It was just like Nelson Mandela said, “If you talk to a man in a language he understands, that goes to his head. If you talk to him in his own language, that goes to his heart.”
Keely Bakken is a Master's student in Central Eurasian Studies and Public Affairs at Indiana University, Bloomington. She studied Tatar in Kazan, Russia.
There have always been a number of excellent reasons to learn another language. From the numerous cognitive benefits of bi- and multilingualism to the immense personal growth attributable to language's ability to open the door to increased understanding of other peoples, perspectives, and cultures, it's difficult to imagine why everyone isn't trying to pick up Polish or Swahili or Korean in their spare time. Especially with the growing demand for employees proficient in multiple languages besides English, more and more people are studying languages to increase their employability in an internationally competitive job market. Others still learn languages to communicate with family and friends, to make travel easier and more enjoyable, or just to appreciate the music and films the rest of the world has to offer.
All that considered, you might still wonder, why did I decide to learn Tatar, a Turkic language with just under 4.5 million native speakers in Russia?
As an undergraduate student, I had already seriously studied Spanish and Turkish, but as I became increasingly interested in expanding my area of study into Central Asia, I decided that learning another Turkic language in addition to Russian was imperative. In the summer leading up to the beginning of my graduate program, I enrolled in Indiana University's Summer Language Workshop for Tatar a rare and unique opportunity. A Turkic language spoken by Volga Tatars found mainly within the Russian Federation and parts of Central Asia, Tatar is infrequently taught in the United States. I thought it would give me a strong foundation for learning other Turkic languages in the future, and the means to learn about a less commonly studied region with a rich and complex history. The following summer, I went on to participate in the Eurasian Regional Languages Program that allowed me to intensively study Tatar for two months in Kazan, Russia.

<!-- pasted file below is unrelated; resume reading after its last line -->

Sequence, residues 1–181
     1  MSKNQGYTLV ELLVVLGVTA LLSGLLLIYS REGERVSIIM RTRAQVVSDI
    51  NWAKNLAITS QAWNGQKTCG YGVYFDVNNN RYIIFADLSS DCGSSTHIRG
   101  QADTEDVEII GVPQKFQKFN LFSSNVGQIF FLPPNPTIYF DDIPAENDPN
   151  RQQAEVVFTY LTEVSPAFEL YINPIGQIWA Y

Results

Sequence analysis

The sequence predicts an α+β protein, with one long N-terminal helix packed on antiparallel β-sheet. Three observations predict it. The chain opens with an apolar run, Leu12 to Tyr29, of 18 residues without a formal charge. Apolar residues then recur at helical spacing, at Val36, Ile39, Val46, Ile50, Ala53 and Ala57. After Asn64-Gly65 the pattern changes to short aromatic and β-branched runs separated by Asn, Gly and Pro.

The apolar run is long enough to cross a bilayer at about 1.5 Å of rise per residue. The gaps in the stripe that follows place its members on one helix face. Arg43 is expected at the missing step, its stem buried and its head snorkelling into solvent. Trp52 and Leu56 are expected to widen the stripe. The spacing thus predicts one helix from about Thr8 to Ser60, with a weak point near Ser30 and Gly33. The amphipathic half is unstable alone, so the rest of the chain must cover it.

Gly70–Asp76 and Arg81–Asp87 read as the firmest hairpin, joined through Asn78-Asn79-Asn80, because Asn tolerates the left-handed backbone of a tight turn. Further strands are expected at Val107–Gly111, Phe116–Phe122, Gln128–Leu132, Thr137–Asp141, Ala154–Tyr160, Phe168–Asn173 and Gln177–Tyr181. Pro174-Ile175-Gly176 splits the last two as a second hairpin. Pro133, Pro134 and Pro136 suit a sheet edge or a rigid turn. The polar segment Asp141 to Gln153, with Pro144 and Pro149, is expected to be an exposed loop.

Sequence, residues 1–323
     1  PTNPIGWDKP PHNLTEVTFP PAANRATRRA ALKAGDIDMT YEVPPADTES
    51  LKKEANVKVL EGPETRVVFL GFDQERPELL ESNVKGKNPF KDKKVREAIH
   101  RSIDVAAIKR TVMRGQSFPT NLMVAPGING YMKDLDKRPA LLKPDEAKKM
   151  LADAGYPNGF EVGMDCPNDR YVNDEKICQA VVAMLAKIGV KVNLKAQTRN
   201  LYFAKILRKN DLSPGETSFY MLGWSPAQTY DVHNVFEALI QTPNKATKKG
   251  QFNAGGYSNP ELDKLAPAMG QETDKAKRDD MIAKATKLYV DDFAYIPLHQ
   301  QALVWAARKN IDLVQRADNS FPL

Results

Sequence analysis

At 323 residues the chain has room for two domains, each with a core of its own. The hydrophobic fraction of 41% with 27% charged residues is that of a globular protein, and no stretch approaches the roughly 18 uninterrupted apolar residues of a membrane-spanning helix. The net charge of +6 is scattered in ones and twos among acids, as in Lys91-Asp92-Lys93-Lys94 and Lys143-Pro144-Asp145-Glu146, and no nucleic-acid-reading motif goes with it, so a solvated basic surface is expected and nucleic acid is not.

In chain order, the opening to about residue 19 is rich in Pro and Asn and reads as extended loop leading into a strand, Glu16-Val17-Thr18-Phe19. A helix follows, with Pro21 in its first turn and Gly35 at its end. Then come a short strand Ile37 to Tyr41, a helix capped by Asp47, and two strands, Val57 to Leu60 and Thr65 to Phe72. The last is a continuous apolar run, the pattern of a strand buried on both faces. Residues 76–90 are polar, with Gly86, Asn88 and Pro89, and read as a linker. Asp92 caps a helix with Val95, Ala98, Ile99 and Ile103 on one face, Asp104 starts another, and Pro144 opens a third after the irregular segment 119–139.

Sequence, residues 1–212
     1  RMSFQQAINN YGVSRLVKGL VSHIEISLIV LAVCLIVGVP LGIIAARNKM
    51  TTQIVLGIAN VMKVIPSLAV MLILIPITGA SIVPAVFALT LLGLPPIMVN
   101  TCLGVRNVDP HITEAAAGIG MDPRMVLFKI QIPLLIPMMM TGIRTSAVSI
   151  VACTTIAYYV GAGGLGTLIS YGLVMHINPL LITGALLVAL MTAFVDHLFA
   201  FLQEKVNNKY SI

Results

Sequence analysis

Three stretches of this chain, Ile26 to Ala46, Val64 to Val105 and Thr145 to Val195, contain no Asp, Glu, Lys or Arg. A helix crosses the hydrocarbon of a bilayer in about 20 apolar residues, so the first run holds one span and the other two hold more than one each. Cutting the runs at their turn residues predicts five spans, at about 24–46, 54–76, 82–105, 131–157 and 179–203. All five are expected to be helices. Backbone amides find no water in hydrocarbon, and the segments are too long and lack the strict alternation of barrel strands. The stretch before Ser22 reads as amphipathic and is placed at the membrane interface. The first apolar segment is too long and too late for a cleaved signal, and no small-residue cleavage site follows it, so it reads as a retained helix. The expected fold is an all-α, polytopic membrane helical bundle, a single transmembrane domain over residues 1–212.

Although I had begun studying Russian by this time, I had little to no practical speaking ability, and tried my best to get around relying on the language of Russia's largest ethnic minority. As one might expect, this was baffling to Russians and Tatars alike. Especially since processes of assimilation have led more and more ethnic Tatars to forgo learning the Tatar language, it was difficult for them to understand why an American student had come all the way to Tatarstan to study Tatar, even if she did have an academic interest in the region. Why not just focus on learning Russian?
Although there are many great personal benefits to learning another language, there's something to say about the impact of learning a language on the people around you as well.
I could communicate with people in English or in Russian, but nothing touched the hearts of people in Tatarstan like speaking to them in their mother tongue. It was just like Nelson Mandela said, "If you talk to a man in a language he understands, that goes to his head. If you talk to him in his own language, that goes to his heart." And this was something I fully experienced learning Tatar.
People were generally surprised but overjoyed that I was learning Tatar, and the fact that I spoke to them in their language made them proud and gave them the opportunity to express their pride in their language, culture, and people. This aspect of our interactions undoubtedly colored the connections I made with people, and although that definitely translated into a more rewarding experience for me, I like to think that my ability to communicate in Tatar mattered to the people I spoke to as well. Communication is about more than just being able to speak to one another it's about sharing as well. And being able to reach out and truly have an effect on another person is why #languagematters to me.
Keely Bakken is a Master's student pursuing a dual-degree in Central Eurasian Studies and Public Affairs at Indiana University, Bloomington. She has been awarded a Fulbright US Student Award for research in Kazan, Russia and a Boren Fellowship to Istanbul, Turkey. In Kazan, she is affiliated with Kazan Federal University and is spending six months researching the preservation and promotion of Tatar culture and identity.
About the Eurasian Regional Language Program
The Eurasian Regional Language Program (ERLP) offers intensive, highly-individualized instruction in more than 15 Eurasian languages, including Armenian, Azeri, Dari, Farsi, Georgian, Kazakh, Kyrgyz, Romanian, Ukrainian, and Uzbek. Through homestays, conversation partners, internships, and volunteer activities, participants enjoy an unprecedented opportunity to immerse themselves in daily local life while receiving ongoing support and guidance from American Councils expert, overseas staff.
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